Senator Biden’s response: “Vice President Cheney has been the most dangerous vice president we’ve had probably in American history. The idea he doesn’t realize that Article I of the Constitution defines the role of the vice president of the United States, that’s the Executive Branch. He works in the Executive Branch. He should understand that. Everyone should understand that.”
“And the primary role of the vice president of the United States of America is to support the president of the United States of America, give that president his or her best judgment when sought, and as vice president, to preside over the Senate, only in a time when in fact there’s a tie vote. The Constitution is explicit.”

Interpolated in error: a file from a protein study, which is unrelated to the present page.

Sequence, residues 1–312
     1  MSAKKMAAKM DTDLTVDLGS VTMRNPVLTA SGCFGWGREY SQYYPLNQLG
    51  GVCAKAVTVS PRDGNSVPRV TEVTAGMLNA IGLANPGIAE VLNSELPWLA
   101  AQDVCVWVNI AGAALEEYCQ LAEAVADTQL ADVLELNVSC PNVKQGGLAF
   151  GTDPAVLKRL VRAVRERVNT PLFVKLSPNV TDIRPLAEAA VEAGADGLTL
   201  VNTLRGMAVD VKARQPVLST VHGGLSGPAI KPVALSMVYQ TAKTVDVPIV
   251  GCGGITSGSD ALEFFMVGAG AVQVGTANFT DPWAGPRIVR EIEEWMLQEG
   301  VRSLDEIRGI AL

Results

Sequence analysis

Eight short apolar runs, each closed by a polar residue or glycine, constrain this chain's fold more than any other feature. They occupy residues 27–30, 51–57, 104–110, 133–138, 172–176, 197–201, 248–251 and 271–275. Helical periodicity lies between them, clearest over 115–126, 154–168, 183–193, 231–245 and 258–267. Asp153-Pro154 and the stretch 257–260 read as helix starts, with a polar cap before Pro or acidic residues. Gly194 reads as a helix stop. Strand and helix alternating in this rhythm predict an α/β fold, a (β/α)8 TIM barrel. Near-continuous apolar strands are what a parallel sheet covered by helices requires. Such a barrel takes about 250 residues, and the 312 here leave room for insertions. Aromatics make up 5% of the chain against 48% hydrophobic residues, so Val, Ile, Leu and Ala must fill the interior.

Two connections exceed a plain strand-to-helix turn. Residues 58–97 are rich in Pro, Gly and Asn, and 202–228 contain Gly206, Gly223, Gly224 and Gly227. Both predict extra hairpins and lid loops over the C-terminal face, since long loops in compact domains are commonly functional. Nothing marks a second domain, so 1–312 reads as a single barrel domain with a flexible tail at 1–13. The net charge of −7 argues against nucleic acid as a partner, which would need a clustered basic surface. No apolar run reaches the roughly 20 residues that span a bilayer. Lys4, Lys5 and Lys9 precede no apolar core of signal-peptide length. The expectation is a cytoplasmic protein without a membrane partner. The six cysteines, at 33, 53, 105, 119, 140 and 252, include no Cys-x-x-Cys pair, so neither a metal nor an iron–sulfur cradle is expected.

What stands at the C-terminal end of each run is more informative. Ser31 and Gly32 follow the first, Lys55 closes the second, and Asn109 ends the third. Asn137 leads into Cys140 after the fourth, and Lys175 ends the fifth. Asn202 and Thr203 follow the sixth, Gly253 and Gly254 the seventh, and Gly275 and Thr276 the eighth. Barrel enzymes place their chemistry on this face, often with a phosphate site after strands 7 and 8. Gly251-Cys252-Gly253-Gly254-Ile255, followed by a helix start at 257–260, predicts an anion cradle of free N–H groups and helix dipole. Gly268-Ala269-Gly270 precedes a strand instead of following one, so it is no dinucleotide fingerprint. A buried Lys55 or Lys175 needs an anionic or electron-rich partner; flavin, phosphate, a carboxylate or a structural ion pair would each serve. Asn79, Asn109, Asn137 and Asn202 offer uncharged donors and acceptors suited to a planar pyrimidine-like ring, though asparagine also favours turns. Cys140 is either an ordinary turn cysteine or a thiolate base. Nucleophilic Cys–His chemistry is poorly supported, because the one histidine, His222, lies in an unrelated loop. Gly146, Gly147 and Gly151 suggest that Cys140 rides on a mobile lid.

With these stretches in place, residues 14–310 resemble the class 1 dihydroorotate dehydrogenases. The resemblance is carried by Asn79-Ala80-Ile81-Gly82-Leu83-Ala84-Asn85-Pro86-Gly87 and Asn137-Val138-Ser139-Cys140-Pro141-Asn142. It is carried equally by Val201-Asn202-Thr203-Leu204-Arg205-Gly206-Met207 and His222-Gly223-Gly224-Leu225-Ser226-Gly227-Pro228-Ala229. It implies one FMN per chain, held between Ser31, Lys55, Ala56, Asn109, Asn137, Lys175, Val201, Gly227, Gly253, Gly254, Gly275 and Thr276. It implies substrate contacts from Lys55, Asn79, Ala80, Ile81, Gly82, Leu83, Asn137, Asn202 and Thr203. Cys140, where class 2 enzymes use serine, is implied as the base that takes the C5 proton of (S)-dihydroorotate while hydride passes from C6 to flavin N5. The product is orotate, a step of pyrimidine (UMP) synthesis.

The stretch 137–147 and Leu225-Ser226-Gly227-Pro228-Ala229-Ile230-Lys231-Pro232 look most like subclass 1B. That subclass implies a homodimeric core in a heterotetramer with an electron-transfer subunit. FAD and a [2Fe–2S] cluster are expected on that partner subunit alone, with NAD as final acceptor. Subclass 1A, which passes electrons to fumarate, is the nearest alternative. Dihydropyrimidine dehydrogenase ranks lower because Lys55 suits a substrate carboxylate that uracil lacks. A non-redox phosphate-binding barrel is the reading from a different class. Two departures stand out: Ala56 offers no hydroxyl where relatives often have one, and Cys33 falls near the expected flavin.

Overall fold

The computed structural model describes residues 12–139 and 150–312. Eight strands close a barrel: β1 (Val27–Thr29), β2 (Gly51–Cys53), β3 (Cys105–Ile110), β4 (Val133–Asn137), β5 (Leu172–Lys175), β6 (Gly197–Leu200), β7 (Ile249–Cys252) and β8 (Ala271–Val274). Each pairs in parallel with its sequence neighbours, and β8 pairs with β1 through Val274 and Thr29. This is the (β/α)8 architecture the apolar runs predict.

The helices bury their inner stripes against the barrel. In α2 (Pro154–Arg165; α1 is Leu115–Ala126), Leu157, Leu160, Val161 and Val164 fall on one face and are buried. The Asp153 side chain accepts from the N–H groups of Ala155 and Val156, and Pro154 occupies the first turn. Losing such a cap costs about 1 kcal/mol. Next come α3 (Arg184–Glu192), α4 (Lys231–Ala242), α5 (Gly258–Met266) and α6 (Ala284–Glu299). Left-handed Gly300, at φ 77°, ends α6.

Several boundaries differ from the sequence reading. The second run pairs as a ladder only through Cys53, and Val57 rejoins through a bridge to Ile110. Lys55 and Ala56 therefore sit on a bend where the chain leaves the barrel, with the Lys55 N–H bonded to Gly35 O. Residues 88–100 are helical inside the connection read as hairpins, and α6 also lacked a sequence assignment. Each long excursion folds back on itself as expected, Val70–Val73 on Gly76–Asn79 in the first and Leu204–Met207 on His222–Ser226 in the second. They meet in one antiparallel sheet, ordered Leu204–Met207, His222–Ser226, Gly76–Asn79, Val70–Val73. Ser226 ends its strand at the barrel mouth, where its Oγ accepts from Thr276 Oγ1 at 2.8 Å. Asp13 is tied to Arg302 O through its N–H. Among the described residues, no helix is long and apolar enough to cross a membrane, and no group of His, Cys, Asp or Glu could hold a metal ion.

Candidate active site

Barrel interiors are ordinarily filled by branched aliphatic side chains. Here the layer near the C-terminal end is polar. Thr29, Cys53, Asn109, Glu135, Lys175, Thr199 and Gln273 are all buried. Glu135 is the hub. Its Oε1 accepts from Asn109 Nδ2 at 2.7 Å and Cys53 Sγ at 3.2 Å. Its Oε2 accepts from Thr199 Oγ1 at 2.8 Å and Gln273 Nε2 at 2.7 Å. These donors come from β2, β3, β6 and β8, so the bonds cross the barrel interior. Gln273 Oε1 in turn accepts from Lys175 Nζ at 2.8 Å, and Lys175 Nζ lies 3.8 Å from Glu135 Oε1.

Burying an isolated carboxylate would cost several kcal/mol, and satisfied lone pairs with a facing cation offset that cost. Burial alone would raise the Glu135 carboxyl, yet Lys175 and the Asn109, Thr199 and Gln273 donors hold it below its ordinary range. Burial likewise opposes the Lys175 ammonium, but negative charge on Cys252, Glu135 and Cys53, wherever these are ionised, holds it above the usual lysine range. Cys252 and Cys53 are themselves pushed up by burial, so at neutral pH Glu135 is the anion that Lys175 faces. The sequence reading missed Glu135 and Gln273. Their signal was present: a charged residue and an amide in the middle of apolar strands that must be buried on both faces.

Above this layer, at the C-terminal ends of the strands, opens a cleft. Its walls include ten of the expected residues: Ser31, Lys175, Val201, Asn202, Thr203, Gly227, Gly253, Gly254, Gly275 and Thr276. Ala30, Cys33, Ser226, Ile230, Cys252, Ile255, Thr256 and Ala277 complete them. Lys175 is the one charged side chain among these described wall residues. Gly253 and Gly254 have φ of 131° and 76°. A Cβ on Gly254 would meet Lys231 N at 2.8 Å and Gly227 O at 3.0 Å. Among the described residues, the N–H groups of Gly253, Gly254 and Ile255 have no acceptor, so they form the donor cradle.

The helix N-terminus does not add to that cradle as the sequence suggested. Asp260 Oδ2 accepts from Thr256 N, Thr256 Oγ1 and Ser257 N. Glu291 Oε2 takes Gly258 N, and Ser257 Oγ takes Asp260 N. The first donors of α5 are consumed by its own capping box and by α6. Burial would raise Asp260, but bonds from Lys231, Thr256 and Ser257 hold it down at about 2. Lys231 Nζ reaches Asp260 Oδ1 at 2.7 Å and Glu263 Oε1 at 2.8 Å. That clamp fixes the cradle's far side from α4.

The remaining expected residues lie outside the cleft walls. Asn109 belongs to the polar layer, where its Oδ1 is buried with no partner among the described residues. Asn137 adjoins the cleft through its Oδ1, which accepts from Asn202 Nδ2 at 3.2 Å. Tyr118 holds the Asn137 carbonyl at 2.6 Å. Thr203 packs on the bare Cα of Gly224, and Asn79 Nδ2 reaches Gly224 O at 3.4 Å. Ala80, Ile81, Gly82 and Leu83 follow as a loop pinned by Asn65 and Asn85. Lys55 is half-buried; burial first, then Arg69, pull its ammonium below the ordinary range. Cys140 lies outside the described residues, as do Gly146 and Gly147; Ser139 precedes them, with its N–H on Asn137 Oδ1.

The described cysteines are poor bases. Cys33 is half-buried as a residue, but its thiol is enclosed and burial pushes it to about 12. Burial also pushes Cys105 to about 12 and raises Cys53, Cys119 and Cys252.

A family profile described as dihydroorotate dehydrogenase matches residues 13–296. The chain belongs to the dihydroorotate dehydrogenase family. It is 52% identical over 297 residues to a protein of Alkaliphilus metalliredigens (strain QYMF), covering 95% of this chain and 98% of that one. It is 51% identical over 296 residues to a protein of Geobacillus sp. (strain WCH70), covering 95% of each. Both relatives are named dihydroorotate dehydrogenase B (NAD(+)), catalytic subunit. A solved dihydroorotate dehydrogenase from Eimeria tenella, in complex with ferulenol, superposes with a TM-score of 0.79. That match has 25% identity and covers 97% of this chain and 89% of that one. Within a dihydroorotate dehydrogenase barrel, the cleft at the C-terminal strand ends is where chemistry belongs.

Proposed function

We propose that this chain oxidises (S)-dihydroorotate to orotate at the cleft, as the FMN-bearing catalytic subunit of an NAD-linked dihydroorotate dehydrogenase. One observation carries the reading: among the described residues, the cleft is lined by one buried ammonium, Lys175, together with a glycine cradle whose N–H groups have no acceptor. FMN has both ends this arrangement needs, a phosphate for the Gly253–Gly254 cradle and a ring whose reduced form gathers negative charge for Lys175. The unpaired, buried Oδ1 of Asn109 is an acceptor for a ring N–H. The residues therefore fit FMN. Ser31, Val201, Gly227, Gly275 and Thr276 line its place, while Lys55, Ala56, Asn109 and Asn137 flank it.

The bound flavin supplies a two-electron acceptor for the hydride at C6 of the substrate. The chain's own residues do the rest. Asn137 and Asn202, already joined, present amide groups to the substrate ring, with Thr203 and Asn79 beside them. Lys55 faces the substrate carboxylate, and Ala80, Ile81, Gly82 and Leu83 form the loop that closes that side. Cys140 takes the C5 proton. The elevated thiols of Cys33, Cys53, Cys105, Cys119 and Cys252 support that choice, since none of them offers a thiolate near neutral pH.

“The only authority the vice president has from the legislative standpoint is the vote, only when there is a tie vote. He has no authority relative to the Congress….”
The fact is; the office of Vice President was more closely associated with the Legislative Branch than the Executive Branch from 1788 until after the Second World War. Harry Truman was forced to take on the duties of President in a time of war, due to the death of Franklin Roosevelt, with no experience and little knowledge of important decisions made during the war, including the existence of the Atom Bomb. Following that experience the office of Vice President became more involved in the workings of the Executive Branch.
The first Vice President to have an office in the White House was Walter Mondale, Vice President to Jimmy Carter.
Even though Joe Biden has, on at least six occasions, taken an oath to “defend and protect” the Constitution of the United States, it is apparent from his response that he has little knowledge of what it contains. He should know that Article I deals with the duties of the Legislative Branch, not the Executive Branch. Those are found in Article II.